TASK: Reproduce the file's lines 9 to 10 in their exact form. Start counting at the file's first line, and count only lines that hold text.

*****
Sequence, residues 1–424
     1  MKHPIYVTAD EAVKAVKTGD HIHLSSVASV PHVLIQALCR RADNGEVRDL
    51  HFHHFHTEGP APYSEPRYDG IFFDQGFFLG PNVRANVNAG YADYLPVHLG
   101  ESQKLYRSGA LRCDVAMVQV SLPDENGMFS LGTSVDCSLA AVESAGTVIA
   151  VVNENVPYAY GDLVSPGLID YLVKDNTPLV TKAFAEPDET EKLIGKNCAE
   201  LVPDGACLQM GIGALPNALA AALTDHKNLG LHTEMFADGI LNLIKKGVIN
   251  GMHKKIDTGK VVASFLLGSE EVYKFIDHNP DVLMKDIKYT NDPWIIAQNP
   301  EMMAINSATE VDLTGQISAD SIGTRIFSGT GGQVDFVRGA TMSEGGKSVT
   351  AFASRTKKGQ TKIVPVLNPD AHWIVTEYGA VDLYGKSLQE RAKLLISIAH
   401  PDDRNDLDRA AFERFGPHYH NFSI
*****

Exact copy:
   351  AFASRTKKGQ TKIVPVLNPD AHWIVTEYGA VDLYGKSLQE RAKLLISIAH
   401  PDDRNDLDRA AFERFGPHYH NFSI